New Delhi, Apr 22: The investigation into the murder of NIA officer, Tenzil Ahmed seems to have hit a dead end. The Uttar Pradesh police which is probing this case had almost concluded that the death was due to a property dispute.
The NIA and the family members are however not convinced and say that since he was handling such high profile cases, the terror angle must be explored too.
NIA officer Tenzil Ahmed was shot dead by two persons when he returning from a family function at Bijnor, UP on April 3. His wife who was also hit by bullets passed away last week at a hospital in Delhi. The two children in the car however escaped unhurt.
However the UP police who had claimed to have cracked the case now say that for the exact details to emerge, they would need to arrest Muneer, who is considered as the prime suspect in the case. The NIA however feels that the UP police can do more in a bid to speed up the probe.
Not ruling out a terror link:
An NIA official tells OneIndia that they are not ruling out a terror link. We are providing all assistance possible to the Uttar Pradesh police. However they should probe more instead of coming to early conclusions the officer also informed. We want the UP police to speak with the two children of the officer.
The children have been visiting the NIA office in Delhi. The children will be able to give their version of the story, the officer says. The UP police is likely to visit the NIA office in Delhi and speak with the children. We want the children to feel comfortable and hence had told the UP police to visit the NIA office.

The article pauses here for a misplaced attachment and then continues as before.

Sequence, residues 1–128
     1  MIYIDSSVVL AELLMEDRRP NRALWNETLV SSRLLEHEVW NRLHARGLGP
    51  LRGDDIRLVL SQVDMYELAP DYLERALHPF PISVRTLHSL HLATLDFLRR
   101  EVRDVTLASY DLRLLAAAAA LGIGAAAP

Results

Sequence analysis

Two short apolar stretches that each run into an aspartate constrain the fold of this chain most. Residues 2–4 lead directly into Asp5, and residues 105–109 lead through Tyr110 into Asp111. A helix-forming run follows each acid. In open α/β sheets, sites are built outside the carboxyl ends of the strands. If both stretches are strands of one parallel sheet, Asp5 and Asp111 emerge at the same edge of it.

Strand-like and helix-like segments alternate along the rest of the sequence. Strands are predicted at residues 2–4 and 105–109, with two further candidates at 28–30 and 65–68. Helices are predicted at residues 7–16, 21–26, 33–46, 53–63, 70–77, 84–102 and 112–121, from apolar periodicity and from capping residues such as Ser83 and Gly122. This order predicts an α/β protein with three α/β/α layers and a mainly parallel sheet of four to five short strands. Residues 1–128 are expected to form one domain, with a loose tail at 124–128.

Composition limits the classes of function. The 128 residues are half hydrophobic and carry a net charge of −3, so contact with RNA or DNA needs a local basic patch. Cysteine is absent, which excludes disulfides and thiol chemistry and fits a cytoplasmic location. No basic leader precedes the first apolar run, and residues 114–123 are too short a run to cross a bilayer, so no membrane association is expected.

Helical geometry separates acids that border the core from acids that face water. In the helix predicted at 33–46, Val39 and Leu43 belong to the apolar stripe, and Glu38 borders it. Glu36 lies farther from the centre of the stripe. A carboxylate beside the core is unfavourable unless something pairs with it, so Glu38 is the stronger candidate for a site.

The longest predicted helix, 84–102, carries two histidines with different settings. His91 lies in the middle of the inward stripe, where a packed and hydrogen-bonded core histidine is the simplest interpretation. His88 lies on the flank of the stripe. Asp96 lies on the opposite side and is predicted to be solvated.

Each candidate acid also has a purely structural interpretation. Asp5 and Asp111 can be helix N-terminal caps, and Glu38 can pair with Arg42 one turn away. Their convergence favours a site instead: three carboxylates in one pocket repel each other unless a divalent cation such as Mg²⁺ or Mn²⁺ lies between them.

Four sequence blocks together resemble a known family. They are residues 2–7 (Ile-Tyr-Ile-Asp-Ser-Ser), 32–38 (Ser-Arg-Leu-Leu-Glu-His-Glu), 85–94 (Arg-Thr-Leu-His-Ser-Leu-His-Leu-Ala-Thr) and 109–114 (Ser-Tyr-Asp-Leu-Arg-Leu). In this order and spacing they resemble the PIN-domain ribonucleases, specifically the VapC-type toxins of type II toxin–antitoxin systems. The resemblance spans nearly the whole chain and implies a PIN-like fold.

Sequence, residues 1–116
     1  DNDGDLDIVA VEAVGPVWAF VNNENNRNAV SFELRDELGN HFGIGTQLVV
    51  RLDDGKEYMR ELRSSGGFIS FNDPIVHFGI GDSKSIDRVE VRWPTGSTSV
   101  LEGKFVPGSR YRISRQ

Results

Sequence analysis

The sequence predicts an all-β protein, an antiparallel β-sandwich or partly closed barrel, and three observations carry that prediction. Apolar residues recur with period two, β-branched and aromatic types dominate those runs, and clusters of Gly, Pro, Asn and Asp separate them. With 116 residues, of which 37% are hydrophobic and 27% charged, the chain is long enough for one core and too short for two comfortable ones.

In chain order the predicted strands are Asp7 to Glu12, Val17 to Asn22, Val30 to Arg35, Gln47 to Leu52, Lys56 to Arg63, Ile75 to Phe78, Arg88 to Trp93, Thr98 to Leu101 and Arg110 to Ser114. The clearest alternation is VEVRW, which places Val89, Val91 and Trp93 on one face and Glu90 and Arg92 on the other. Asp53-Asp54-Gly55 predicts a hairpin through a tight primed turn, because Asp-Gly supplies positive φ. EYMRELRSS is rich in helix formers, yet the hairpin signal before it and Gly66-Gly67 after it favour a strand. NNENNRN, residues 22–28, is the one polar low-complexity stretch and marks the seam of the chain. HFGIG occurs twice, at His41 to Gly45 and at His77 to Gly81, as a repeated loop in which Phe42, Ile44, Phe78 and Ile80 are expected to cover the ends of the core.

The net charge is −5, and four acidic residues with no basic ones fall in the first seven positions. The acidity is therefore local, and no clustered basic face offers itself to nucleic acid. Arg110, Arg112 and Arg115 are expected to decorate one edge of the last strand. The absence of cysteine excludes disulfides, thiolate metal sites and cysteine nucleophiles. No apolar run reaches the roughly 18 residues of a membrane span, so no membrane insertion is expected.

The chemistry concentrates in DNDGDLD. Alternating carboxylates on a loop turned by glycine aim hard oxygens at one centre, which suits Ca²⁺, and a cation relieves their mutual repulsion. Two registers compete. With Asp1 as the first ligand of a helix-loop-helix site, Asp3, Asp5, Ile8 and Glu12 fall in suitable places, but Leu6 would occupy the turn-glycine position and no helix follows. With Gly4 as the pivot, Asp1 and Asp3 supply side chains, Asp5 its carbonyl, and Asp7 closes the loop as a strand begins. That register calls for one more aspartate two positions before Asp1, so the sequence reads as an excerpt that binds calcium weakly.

For this probe to reach its logical conclusion it is necessary that every angle is probed. Moreover the NIA and the UP police need to be on the same page and not hurriedly come to conclusions, the officer noted.
The priority would be to conduct a more serious search and nab Muneer who is believed to have links with criminal outfits. Muneer himself is accused of murder and had to flee Bijnor after Ahmed informed the cops about his whereabouts.
The NIA also feels that if the probe fizzles out it would set a bad precedent. NIA officials undertake a very risky job involving terrorists and their organisations. If the probe fizzles out, it could set a very bad precedent, the NIA official feels.